Cellulose is one of the major commercial products of Sweden and constitutes the most abundant of the natural polymer systems. Thus it is of interest to review the molecular design and architecture of cellulose with particular reference' to the controls of its biosynthesis. The bioassembly process is highly ordered and structured, reflecting the intricate series of events which must occur to generate a thermodynamically metastable crystalline submicroscopic, ribbonlike structure. The plant cell wall is an extremely complex composite of many different polymers. Cellulose is the "reinforcing rod" component of the wall. True architectural design demands a polymer which can withstand great flexing and torsional strain. Using comparative hydrophobic cluster analysis of a bacterial cellulose synthase and other glycosyl transferases the multidomain architecture of glycosyl transferases has been analyzed. All polymerization reactions which are processive require at least three catalytic sites located on two different domains. In contrast, retaining reactions with glycosyl transferases require only a single domain and two sites. Cellulose synthase appears to have evolved a mechanism to simultaneously bind at least three UDP-glucoses and to polymerize, by double addition, two UDP-glucoses in such a manner that the 2-fold screw axis of the ß-1,4-glucan chain is maintained. Thus, no primer is required as the glucose monomers are added two-by-two to the growing chain. At the next higher level of assembly, the catalytic sites simultaneously polymerize parallel glucan chain polymers in close proximity so that they will favorably associate to crystallize into the metastable cellulose I allomorph. Recent energy analysis suggests that the first stage of this association is the formation of a minisheet through van der Waals forces, followed by layering of these minisheets to form the crystalline microfibril. In native cellulose biogenesis, the microfibril shape and size appear .to be determined by a multimeric enzyme complex (=TC) which resides in the plasma membrane. This complex, known as a terminal complex, was discovered through electron microscopy of freeze fracture replicas. The entire complex moves in the plane of the fluid plasma membrane as the result of polymerization/crystallization reactions. The assembly stages for native cellulose I are coordinated on a spatial/temporal scale, and they are under the genetic control of the organism. This might lead one to conclude that cellulose I could only be assembled with Nature's indigenous machinery; however, this is not the case. Recently, in collaboration with Professor Kobayashi and his colleagues in Sendai and Tokyo, we have synthesized cellulose I abiotically under conditions very different from those in the living cell or from isolated cell components. Purification of an endoglucanase from Trichoderma which serves as the catalyst and the addition of P-cellobiosyl fluoride as the substrate in acetonitrile/acetate buffer has led to the assembly of synthetic cellulose I. Although natural and synthetic assembly pathways are very different, there are similar, underlying fundamental mechanisms common to both. These mechanisms will be discussed in relation to the more thermodynamically stable allomorph of cellulose (cellulose II) first demonstrated by Professor Ranby in 1952. The evolution of cellulose biosynthesis will be summarized in terms of the demands for maintaining optimal cellular environments to generate the complex macromolecular assemblies for cell wall biogenesis. Nature provides an exceptional model for cellulose biosynthesis that will lead us toward the biotechnological production of improved natural cellulose as well as synthetic cellulose and its derivatives.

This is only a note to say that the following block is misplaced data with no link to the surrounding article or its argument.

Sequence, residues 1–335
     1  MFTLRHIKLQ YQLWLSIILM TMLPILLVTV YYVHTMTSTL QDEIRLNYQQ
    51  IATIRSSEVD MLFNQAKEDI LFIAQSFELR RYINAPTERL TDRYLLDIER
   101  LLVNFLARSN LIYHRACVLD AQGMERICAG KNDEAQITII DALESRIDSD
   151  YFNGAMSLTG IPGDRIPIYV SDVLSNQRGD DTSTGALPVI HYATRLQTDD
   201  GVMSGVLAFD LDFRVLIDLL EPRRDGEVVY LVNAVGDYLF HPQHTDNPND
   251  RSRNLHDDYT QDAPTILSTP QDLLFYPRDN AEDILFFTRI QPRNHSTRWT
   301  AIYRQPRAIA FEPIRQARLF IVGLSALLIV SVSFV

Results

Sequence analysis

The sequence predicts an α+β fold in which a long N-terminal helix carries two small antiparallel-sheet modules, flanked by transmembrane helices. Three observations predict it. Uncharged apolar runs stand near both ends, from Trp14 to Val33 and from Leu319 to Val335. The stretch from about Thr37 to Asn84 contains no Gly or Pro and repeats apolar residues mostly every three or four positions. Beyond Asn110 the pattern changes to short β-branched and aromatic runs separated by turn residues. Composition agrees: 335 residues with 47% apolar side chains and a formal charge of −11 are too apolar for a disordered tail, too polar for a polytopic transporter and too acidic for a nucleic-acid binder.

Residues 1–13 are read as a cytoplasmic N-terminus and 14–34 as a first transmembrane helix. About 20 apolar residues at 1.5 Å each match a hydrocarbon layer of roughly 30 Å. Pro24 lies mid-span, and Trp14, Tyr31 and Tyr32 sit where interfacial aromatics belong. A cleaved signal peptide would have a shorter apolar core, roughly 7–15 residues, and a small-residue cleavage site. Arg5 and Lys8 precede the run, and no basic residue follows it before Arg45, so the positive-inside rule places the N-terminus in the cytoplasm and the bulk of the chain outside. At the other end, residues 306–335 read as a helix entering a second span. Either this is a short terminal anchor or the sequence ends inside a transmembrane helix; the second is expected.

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Last modified March 20, 2008.
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